Positive Psychological Wellbeing for Optimal Performance: The Cost-Effective Approach.

Wellbeing is far more than the absence of illness or negative stress, but with the reports of rising negative stress in the workplace, specific mention of stress is worthy here. The following review of the statistics and research on work-related stress brings to mind, and provides warning of, 'The Boiling Frog Syndrome’ (Please do not try this at home!):

If a frog is put in hot water it will jump out. But if a frog is put in at an agreeable temperature and then the water is slowly warmed, the frog will remain there until it to boils to death.

The various definitions and usage of the term ‘stress’ have confused the contribution that it can make to both the understanding and optimisation of performance. There is a general acknowledgement that certain amounts of stress, or more accurately, physiological and/or psychological arousal, are required for peak performance. However, the physiological and psychological stress response that occurs when perceived demands outweigh perceived resources in a situation of perceived importance, is negative to both performance and health, particularly when the stress response is activated over long periods of time. 

Stress and Sickness Absence 

According to the Office of National Statistics (ONS, 2014), in 2013, of the 131 million days reported (and recorded) sickness absence;

  • 31 million were due to musculoskeletal problems (mainly back and neck).
  • 27 million were due to minor illnesses (coughs and colds).
  • 15 million were due to stress, anxiety and depression (not including serious mental health problems such as manic depression / schizophrenia).
  • 52 million were listed as ‘other’ and 6 million as ‘prefer not to state’.

There is potential however, for the actual contribution of stress to sickness absence to be greatly underestimated by these figures. Most obviously, this is due to the role of the physiological consequences of stress, e.g., lowered immunological resistance to minor illness, increased muscular tension contributing to musculoskeletal problems and prolonged stress exposure contributing to chronic infections, depression and conditions such as atherosclerosis. Less apparent, but increasingly recognised however, is the lack of reporting of stress as the cause of sickness absence. For example, research by Mind (2010) reported stress as the reason for one in five workers (19%) to call in sick, yet the vast majority of these (93%), say that they lied to their boss about the real reason for their absence: A clearer understanding of the 44% who answered ‘other’ and ‘prefer not to stated’ would also prove insightful here.

Stress and Presenteeism

The concern also appears to extend to presenteeism, instances where employees attend work when sickness absence should have been taken, and may be of particular concern to senior management and high fee-earning professionals. For example in 2013, the ONS (2014) reported that the sickness absence for individuals in the 35 to 49 and 50- 64 age ranges, were the highest amongst the age categories at 2.0% and 2.8% of work hours respectively. Conversely however, the lowest percentage of hours lost to sickness was for managers, directors and senior officials, i.e., those most likely to be in the higher age categories,  at 1.3%. At a more local level, these figures are supported by the Law Society’s (2014) report of solicitors’ health and wellbeing. Here, despite those aged 41-50 and 50+ experiencing the most ‘severe stress’ at 21% and 24% respectively (an increase of 3% from the previous year for the 50+ age group), these age groups were the least likely to take ‘time off due to stress’.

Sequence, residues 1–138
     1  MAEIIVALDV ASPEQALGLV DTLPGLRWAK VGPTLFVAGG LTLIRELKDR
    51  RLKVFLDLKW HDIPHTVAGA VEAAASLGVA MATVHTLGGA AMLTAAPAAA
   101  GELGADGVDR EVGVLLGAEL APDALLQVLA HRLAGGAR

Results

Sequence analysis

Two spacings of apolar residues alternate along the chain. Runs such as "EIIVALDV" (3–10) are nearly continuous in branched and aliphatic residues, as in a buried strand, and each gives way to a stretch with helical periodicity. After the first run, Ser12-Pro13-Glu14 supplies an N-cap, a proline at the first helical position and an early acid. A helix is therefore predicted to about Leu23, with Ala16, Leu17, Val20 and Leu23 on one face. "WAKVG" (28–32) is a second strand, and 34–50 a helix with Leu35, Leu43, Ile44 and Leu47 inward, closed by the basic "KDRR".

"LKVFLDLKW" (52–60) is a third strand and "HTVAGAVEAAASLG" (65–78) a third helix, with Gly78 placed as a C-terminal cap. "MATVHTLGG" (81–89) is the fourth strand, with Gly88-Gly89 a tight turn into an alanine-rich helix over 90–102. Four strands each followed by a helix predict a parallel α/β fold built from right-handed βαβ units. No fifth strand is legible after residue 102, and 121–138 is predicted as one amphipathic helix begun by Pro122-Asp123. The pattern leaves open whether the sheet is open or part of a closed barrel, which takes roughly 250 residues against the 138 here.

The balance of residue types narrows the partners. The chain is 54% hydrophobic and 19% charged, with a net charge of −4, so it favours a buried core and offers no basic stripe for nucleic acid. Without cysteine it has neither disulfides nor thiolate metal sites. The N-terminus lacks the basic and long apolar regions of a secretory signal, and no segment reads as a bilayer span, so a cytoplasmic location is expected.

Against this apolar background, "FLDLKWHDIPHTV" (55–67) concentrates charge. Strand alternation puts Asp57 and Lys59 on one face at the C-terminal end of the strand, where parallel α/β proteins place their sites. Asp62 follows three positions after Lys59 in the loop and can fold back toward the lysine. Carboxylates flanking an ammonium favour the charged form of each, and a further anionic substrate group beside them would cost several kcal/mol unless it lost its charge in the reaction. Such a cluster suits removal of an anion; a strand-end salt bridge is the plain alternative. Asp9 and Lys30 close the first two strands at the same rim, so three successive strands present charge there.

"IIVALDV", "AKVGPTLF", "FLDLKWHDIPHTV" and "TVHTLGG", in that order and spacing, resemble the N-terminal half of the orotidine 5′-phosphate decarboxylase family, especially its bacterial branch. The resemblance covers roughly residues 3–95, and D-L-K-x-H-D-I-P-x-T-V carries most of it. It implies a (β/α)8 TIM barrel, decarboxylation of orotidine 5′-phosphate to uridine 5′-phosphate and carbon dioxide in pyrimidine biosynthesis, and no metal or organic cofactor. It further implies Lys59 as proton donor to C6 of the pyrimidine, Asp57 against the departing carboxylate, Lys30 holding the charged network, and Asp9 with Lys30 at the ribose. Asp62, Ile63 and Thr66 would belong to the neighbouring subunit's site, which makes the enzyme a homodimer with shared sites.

Such reports highlight the potential of stress-related presenteeism to lead to greater stress-related absenteeism in the future. In both 2013 and 2014, The Labour Force Survey highlighted stress as the most common cause of long-term sickness absence. Further, the Chartered Institute of Personnel and Development (2013) reported that organisations who noted a rise in presenteeism throughout that year, were more likely to report an increase in stress-related absence over the same period (52% compared to 38% who did not report an presenteeism increase), and an increase in mental health problems, e.g., anxiety and depression (62% compared to 35%). All of these reports are conducive with our knowledge of prolonged stress-related immunological responses having the most severe impact on health.

The Causes of Stress at Work

 It is useful therefore to know what causes work-related stress.  According to THOR-GP (A General Practitioners’ research network), the main work activities reported by patients as causing work-related stress, depression or anxiety are: 

  • 37% - Workload pressures, including scheduling, shift work and other organisational factors,
  • 23% - Interpersonal relationships, including difficulties with superiors and bullying or harassment,
  • 12% - Changes at work, including reduction of resources or staff, and additional responsibilities.


Research statistics infer the potential of negative stress, particularly long-term stress, to increase sickness absence and presenteeism. Research also suggests that lesser levels or short term negative stress reduces optimal performance and productivity, whilst positive ‘stress’ can have the converse effect. Many of the causes of negative work-related stress appear however, to be within a company’s control. Consequently, with appropriate wellbeing consideration and change management, the reduction of costs associated with stress-related absenteeism, presenteeism and reduced performance are also within their control.

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